Emily and Kacey at Boyd Martin’s Clinic – photo by Dylan Gravitt

 Boyd Martin gave a clinic in Texas. Emily Oakes rode her horse Kacey, and was kind enough  to send us a report.

Day 2 Boyd Martin Clinic – Our Umpteenth Comeback!

The next day, was cross country. I think we were all well beyond excited for this part of the clinic! I’d wake early again to feed Kacey, with no trailer problems this time.  You can’t lock yourself in your trailer, when it no longer has a lock to be locked!

My problem this morning would be putting studs in Kacey’s shoes. I struggled to get one hind shoe tapped and put the studs in, only to find that I couldn’t even get the tap in one tapped hole, on the other hind shoe.  No studs for us! No studs equal no belly guard. Things getting easier already.

We’d warm up on the first part of the cross country course, before our lesson. It was so dry, that very little grass was left on this part of the course, and we literally warmed up in a cloud of dust.

Boyd: “Now, anyone can win at novice and training, and still be an awful rider. But at the upper levels, it’s all about saving time and energy and being effective. If you do this, you can probably save at least a second at every fence. You want your reins about six inches longer for cross country than show jumping.

Holy Moly!!! Did he say six inches longer? My trainer back home would have a fit over this, I’m sure! I’ve always been taught that your reins are shorter for cross country.

Boyd: “And your stirrups at your ankle bone, maybe a hole shorter than show jumping, depending on the rider. When you gallop, you want to be up over your horses shoulder, just above the wither, maybe with a finger looped under your breast collar. Too many riders waste their horse’s energy by hitting the horse on the back with their bum when they gallop.  You alert the horse that something is coming up by sitting a few strides before the fence. Then you land and immediately stand back up off of his back and this is his cue to accelerate. You save time by not sitting on his back and hindering him with your bum as he gallops away.” (Again, insert dreamy Australian accent. Yup, still sounds important and sounds good, doesn’t it! )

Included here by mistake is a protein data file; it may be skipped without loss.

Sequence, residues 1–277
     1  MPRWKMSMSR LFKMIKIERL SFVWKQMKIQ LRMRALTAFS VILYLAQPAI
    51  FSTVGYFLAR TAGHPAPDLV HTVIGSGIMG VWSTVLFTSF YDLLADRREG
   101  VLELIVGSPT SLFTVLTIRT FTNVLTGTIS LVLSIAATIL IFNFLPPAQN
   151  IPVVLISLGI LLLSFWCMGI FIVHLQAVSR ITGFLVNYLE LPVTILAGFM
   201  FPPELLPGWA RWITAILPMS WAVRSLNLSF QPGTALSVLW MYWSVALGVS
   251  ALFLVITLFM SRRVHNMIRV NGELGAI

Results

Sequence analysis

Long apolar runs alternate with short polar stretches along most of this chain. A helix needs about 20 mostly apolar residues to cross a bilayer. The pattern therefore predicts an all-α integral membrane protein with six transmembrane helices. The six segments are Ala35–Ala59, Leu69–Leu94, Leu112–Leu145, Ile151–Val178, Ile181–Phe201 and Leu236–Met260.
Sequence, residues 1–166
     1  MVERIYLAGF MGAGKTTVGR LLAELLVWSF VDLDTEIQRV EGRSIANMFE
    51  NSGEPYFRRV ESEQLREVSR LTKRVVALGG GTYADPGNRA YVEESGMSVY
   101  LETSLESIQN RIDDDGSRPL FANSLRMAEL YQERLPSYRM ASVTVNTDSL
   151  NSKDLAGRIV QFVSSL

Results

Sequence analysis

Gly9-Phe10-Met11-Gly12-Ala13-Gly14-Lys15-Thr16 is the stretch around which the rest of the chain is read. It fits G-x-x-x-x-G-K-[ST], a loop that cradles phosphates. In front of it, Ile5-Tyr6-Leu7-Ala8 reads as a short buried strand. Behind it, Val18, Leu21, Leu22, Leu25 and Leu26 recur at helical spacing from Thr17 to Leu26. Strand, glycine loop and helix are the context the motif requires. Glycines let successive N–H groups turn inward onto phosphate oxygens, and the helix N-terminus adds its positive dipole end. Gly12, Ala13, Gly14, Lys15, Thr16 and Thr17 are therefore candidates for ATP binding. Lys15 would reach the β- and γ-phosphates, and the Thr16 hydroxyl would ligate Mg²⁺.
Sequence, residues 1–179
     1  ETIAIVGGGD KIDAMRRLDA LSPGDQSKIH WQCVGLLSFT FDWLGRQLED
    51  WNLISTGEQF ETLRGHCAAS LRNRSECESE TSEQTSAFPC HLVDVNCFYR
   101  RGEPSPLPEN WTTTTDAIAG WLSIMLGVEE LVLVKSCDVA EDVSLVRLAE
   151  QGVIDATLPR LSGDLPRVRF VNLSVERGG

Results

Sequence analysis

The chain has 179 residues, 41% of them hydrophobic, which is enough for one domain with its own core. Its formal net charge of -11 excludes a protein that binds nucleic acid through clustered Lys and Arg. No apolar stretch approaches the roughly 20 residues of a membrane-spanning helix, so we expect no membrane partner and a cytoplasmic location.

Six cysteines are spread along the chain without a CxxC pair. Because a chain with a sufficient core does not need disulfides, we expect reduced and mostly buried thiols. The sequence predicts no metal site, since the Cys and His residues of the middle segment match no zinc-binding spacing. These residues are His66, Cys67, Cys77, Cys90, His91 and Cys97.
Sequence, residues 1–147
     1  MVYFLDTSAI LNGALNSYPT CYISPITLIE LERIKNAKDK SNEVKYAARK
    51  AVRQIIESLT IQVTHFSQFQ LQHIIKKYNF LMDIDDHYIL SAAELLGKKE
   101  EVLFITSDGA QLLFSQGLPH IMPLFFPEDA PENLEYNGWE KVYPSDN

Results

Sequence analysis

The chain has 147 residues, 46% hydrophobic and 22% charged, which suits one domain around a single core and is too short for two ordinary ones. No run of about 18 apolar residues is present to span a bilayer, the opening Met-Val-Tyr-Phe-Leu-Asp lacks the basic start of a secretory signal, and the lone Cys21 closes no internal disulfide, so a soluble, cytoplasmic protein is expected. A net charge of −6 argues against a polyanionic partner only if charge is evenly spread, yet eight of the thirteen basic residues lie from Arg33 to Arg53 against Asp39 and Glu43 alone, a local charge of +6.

Then, to our delight, Boyd, loafers, argyle socks, and helmet, climbed on Bravo to give us a demonstration! Bravo was none too pleased with Boyd’s bad rider demonstration, and was much happier when Boyd rode him in his Australian style. Demo complete, Sheryl climbed back on, and it was our turn to try it.

I think that most of us, myself included,  are taught a much more defensive galloping position for our own safet,y as we learn to gallop and navigate a horse cross country. We are much closer to our horse’s backs, with our “bums” barely out of the saddle and bend in our knee. Galloping on my strong horse in the position that Boyd was teaching us, felt insecure and of course, foreign to me.

So, I mentioned to him that this position did not seem like a very defensive one. “Why do you need to be defensive between fences when you’re just galloping?” He answered. Then he reflected that on our courses, we rarely have much time between fences to get up in galloping positions and let our horses go.

Whereas at Burghley, he had a whole minute of his course that included only two jumps. (I’m sure we all took a brief second to fantasize about Boyd and Neville at Burghley, and then another brief second to fantasize about ourselves at Burghley, before we jumped back into reality! Learn the position, first!) This position was to conserve our energy, as well as our horses’. It made perfect sense, and yet I still had images of myself popping over Kacey’s head if he tripped as I galloped around in this new position. I decided not to worry about it and to just hope for the best.

Next, we’d practice the position over a few novice logs, then a few training fences, and finally, a prelim ramp.  We were all getting the hang of it. Our first challenge would be to get started over a training level in and out, vertical to vertical, and loop back around to a prelim corner to corner combination. Boyd would tell us that when he schools, he likes to do his best to explain the scenarios to his horses so that when they come upon similar things on course, they are able to quickly assess them.